Julianna Margulies Calls 'The Good Wife' Shooting Schedule 'Inhuman' (Video)

Julianna Margulies
Joe Pugliese

Marguiles, on the demands placed on her as the lead of a network drama: "I shoot 23 episodes a year, and it's all legal dialogue. IT's so inhuman what they want you to do ... I'll learn it at 11 o'clock at night, and then I show up at 7 a.m. and they've changed it again."

Starring in a network drama is exhausting work -- something Julianna Margulies has learned several times over, now heading into the fourth season of CBS' The Good Wife.

The 45-year-old reigning Emmy winner for drama actress, in the company of fellow contenders Claire Danes, Emmy Rossum, January Jones, Kyra Sedgewick and Mireille Enos, spoke about the pressures of her rigorous schedule during The Hollywood Reporter's recent Emmys roundtable.

PHOTOS: THR's Emmy Roundtable: Drama Actresses Portraits

"I shoot 23 episodes a year, and it's all legal dialogue," said Margulies. "It's so inhuman what they want you to do."

Margulies started on the series in 2009 when her son Kiernan was just over a year old. His growing up has only added to her issues.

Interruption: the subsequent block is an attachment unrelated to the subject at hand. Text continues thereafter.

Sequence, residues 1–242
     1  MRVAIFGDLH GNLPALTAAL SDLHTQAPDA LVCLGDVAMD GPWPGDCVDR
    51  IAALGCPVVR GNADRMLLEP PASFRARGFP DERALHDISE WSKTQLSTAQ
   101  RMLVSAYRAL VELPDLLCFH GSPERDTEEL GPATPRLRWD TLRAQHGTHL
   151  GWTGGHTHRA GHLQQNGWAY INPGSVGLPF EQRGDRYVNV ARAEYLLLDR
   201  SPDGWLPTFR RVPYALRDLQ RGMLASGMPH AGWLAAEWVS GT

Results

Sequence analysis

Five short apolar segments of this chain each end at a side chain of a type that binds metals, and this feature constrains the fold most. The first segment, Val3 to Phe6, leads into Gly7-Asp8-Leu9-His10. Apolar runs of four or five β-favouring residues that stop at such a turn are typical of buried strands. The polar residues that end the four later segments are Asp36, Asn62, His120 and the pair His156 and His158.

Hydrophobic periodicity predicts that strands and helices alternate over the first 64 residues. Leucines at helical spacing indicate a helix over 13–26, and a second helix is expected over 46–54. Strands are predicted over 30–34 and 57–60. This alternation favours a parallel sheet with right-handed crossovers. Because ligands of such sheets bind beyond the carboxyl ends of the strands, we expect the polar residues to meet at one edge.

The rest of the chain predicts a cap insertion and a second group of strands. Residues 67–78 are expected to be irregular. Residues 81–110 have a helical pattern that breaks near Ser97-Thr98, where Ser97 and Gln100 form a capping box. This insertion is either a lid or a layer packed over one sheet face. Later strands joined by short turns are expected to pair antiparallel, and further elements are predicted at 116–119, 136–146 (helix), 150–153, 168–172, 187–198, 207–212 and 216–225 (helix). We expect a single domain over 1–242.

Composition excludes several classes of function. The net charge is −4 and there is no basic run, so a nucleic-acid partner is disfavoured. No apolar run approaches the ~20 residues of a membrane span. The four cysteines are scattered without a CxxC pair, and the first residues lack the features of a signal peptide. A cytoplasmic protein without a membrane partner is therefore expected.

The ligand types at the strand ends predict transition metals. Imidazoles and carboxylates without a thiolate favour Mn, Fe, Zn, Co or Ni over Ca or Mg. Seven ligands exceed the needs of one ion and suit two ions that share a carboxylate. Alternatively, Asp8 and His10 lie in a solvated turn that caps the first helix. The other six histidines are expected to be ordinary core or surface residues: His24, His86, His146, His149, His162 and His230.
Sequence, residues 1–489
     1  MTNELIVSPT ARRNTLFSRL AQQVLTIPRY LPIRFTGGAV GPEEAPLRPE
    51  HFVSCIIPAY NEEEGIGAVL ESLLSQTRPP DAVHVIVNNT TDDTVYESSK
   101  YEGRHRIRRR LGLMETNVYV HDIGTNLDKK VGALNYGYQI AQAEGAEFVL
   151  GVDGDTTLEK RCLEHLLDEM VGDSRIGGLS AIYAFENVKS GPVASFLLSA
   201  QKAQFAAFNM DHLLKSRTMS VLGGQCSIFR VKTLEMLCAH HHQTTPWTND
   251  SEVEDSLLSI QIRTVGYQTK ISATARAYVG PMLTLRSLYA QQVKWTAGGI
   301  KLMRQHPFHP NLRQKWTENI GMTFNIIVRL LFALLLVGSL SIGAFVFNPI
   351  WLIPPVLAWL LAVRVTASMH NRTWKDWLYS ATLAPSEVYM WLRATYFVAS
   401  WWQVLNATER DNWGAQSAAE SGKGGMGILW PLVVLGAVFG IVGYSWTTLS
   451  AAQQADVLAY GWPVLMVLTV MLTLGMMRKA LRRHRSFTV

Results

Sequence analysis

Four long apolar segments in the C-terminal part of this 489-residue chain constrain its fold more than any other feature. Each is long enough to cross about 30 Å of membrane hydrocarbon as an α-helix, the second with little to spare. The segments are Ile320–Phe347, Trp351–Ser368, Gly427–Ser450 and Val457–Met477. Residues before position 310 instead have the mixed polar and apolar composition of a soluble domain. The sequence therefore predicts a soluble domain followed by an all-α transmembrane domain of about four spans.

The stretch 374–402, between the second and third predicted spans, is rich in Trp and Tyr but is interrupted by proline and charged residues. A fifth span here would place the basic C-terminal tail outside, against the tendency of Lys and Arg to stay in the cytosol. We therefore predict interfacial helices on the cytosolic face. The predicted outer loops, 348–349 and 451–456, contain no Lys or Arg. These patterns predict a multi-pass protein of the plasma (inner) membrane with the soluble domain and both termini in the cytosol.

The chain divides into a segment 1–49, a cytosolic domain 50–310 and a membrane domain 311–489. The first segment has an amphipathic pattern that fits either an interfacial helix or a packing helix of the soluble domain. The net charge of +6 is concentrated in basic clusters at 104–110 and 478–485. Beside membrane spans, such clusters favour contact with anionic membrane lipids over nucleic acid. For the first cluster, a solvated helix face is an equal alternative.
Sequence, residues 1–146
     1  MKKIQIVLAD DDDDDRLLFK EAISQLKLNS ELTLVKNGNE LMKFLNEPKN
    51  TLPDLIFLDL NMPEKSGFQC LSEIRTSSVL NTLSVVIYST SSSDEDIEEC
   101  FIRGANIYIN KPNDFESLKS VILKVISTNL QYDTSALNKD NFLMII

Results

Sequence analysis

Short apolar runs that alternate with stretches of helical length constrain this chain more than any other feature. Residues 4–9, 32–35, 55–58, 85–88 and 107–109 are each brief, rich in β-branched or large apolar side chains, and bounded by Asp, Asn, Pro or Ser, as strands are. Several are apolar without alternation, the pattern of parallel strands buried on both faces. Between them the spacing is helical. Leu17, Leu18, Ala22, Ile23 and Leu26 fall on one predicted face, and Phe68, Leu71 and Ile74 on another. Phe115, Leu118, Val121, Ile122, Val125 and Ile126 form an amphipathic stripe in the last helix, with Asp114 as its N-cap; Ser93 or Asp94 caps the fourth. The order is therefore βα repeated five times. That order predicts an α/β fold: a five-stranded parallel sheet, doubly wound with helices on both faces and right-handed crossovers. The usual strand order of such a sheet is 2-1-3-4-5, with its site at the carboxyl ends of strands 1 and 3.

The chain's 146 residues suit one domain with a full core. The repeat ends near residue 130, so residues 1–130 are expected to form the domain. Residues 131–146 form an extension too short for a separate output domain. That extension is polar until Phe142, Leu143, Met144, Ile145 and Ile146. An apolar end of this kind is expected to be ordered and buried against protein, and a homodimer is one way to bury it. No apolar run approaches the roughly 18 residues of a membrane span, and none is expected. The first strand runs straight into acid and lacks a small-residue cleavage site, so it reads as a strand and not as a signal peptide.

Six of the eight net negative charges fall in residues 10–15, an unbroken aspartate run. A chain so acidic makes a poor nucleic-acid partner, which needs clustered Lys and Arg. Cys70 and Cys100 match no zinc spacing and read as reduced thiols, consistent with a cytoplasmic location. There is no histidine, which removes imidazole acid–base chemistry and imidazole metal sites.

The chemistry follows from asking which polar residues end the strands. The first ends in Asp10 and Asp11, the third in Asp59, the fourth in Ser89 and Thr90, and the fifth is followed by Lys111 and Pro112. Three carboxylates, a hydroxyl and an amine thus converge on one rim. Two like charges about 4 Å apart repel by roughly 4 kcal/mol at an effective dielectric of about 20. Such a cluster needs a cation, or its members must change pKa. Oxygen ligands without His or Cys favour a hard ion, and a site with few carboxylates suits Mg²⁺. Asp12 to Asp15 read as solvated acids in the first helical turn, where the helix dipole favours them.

"There are days when... I had worked until midnight and then I had to go and shoot something else at five in the morning," she said. "I looked at my husband and I was like, 'This is why Judy Garland was on pills. I can't keep this up. I need a pill!'"

The comment got a charge from her peers, as did the suggestion of green tea.

PHOTOS: Behind the Scenes of THR's Emmy Roundtable: Drama Actresses Cover Shoot

"As much as I'd like to pretend it's an ensemble, it's not," she said. "It's The Good Wife, and if the good wife goes down, there's no show!"

To that end, Marguiles says she's spoken with her "incredibly receptive" showrunners Robert and Michelle King about limiting her time in unnecessary scenes.

"My biggest challenge has been to say, 'Guys, guess what? I can't be in the background of so-and-so's scene,'" said Marguiles. "That would give me two hours with my kid. Or, how about an hour to sleep, go to the gym. Or learn a line or two. I have to prepare and have a life. Sitting in a court scene for 14 hours without a line … is craziness. So they're going to work on that."

Watch the uncensored video of Marguiles in THR's roundtable below and read the full cover story here: